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It started with my grandfather's 223 "The Studebaker" "Click" to Login or Register 
posted
Hi everyone, my name is James Bauer, I am a new member here although I have been lurking for several months. I thought I would introduce myself by posting a picture of my grandfather's 223 "The Studebaker" pocket watch. I hadn't seen this watch in thirty-five years, but rediscovered it while going through my deceased father's belongings last December.

The serial number of 597556 places it in the second run of 223's, which were completed in 1909. The case is a Keystone 25 year 14k gold filled, screw back and bezel, inscribed "From Mother (my great-grandmother), 1914". I do not know if it was given at Christmas or as a birthday gift, but I am sure my grandfather never worked for the railroad. Smile

Since finding this watch and researching it's history, I have become fascinated with timepieces in general and South Bends in particular, and have managed to acquire several others, including a 227 (intended as a carry, arrived missing a case screw so I borrowed one from the 223 as shown in the picture), several 100 series movements, and a 431 (more pictures to come).

 
Posts: 13 | Location: Lincoln, Nebraska in the USA | Registered: March 08, 2015


posted
James,

Welcome aboard! What a beauty!!!

V/r

Jon
 
Posts: 7342 | Location: Illinois in the USA | Registered: November 11, 2011
posted
Here is the face, the dial has one hairline between 10 and 11, but otherwise is in good shape. The hours hand is plum, while the minutes and seconds hands are blue, I have no reason to think they are not original to the watch.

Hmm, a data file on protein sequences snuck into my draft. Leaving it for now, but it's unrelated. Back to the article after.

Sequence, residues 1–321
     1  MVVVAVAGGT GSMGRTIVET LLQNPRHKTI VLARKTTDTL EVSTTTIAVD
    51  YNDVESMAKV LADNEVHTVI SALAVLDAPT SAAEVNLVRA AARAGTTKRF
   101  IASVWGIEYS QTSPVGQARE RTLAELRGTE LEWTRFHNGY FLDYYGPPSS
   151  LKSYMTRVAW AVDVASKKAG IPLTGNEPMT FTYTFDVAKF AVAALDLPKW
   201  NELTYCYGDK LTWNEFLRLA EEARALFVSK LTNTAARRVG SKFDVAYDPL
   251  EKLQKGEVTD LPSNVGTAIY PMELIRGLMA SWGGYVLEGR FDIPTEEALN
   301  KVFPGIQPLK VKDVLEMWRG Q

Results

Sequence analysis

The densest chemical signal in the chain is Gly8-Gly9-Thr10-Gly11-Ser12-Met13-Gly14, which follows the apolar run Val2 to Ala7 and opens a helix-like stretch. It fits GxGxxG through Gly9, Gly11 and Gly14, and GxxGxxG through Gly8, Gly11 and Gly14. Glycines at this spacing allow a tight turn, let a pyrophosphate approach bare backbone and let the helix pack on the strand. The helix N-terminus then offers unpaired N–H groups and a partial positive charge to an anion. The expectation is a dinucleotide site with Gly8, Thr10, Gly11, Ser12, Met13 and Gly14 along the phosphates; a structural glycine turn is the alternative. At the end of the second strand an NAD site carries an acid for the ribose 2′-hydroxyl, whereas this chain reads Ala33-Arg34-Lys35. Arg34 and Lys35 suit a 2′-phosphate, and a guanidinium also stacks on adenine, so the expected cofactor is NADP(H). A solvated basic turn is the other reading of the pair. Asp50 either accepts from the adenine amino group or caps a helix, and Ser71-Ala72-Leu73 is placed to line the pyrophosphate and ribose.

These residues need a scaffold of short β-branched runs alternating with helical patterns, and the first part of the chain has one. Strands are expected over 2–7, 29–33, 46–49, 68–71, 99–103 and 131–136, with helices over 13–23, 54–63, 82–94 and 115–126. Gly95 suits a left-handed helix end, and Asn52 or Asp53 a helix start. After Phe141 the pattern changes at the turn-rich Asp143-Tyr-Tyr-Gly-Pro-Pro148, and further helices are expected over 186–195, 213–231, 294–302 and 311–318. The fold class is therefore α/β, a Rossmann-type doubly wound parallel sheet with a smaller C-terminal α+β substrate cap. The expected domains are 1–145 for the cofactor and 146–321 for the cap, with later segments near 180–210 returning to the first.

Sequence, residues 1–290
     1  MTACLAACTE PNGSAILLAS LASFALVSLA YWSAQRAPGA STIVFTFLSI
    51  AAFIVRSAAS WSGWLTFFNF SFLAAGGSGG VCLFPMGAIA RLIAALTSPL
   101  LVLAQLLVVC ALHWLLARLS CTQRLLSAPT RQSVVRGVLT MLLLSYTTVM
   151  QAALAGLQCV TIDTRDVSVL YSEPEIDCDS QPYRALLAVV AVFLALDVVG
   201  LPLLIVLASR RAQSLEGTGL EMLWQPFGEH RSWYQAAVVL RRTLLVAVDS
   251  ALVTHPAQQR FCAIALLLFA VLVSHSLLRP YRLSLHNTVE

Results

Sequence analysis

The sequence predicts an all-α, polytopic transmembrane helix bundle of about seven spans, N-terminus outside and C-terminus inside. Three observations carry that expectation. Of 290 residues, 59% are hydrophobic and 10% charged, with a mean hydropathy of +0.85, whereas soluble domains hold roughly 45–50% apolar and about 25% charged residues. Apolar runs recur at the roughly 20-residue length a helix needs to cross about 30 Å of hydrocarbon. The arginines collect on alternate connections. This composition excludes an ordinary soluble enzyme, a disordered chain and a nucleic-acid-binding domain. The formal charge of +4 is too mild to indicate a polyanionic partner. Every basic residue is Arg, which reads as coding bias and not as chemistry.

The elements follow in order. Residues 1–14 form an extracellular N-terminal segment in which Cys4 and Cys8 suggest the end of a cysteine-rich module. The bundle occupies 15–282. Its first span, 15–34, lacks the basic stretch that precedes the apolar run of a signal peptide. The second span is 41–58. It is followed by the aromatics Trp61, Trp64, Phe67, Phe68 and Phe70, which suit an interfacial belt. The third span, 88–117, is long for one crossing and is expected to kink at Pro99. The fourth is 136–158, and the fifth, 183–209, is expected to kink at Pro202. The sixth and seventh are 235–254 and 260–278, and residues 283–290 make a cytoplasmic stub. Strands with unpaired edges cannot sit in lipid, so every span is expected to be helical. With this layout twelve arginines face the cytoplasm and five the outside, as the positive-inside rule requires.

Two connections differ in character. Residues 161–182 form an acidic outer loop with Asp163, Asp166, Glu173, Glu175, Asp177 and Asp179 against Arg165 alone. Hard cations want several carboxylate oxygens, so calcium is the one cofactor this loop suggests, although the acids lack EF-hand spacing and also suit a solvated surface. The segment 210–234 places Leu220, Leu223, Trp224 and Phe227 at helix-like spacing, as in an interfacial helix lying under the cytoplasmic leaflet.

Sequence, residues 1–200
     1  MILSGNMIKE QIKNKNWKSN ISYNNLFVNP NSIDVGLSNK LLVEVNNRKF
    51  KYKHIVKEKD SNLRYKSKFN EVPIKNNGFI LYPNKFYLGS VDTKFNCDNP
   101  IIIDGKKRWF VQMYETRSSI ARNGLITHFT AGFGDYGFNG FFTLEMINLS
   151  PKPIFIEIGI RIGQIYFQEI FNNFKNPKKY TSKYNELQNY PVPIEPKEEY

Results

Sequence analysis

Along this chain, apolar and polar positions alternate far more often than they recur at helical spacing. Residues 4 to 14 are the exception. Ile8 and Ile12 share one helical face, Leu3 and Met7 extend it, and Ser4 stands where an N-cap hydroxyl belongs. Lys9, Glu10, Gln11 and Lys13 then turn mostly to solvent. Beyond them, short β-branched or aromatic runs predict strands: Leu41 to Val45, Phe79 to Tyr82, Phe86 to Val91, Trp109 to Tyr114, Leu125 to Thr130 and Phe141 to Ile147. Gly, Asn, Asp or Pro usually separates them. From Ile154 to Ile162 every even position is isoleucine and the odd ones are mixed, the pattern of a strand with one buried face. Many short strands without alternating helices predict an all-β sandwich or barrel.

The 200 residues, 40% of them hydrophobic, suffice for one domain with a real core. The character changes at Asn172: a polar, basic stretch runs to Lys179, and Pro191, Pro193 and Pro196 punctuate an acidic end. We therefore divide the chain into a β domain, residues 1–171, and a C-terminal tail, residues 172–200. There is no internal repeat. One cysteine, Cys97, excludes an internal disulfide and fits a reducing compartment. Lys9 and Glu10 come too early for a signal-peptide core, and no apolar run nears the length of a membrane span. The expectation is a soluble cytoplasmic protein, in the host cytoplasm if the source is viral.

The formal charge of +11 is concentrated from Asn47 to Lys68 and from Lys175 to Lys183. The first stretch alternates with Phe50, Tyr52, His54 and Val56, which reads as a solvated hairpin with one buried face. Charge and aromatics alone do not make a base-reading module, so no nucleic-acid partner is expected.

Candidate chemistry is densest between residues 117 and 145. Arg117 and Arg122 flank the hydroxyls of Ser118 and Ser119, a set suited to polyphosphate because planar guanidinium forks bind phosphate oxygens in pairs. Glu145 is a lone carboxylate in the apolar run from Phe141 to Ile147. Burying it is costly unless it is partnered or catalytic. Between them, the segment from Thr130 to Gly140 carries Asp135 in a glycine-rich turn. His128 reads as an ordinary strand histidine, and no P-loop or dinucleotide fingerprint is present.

I have always found hobbies to be more enjoyable when I learn to do things myself, so I have been cleaning and adjusting (and breaking) some junk watches and movements I picked up on ebay. My formal training as a woodwind and brass musical instrument technician makes me comfortable with small parts and mechanical processes, (although watch parts are even smaller). I know I am just a beginner, but I feel like I have a pretty good grasp of the basics of cleaning, oiling, and adjustments, in large part due to reading the forums on IHC185, so thanks everyone! I have not cleaned the 223 yet, although I have successfully cleaned and oiled a few 0s movements and wristwatches, and my 227, so I think it is quite possible to do.

Hope you enjoy the pictures, any comments or questions welcome. I look forward to interacting with the IHC185 community in the future.

James

 
Posts: 13 | Location: Lincoln, Nebraska in the USA | Registered: March 08, 2015
posted
Welcome. What a great watch and a piece of family history.

Usually, high grads of South Bend watches had plum hands so, its possible that with time someone replace it.

I wish you luck with cleaning, because if you get that bug you are lost forever Smile

Rafal
 
Posts: 269 | Location: Wroclaw in Poland | Registered: May 06, 2013
IHC Member 2030
posted
Welcome James
We are on a similar arc of newly fascinated.
Always enjoyed machines of all kinds,the historical aspect and wide variety makes these irresistible .
Well put by Rafal, if you get that bug you are lost forever.

Mike
 
Posts: 1035 | Location: Virginia Beach, Virginia in the USA | Registered: February 08, 2015
posted
Thanks for the welcome guys! Smile As far as the cleaning bug goes, I agree, and I'm pretty sure it's too late to save me.
 
Posts: 13 | Location: Lincoln, Nebraska in the USA | Registered: March 08, 2015
posted
James-

As a fellow South Bend collector, welcome. Nice to have a good South Bend to have as a family heirloom too. I don't have that luck!

Jared
 
Posts: 1634 | Location: North Dakota in the USA | Registered: December 09, 2009
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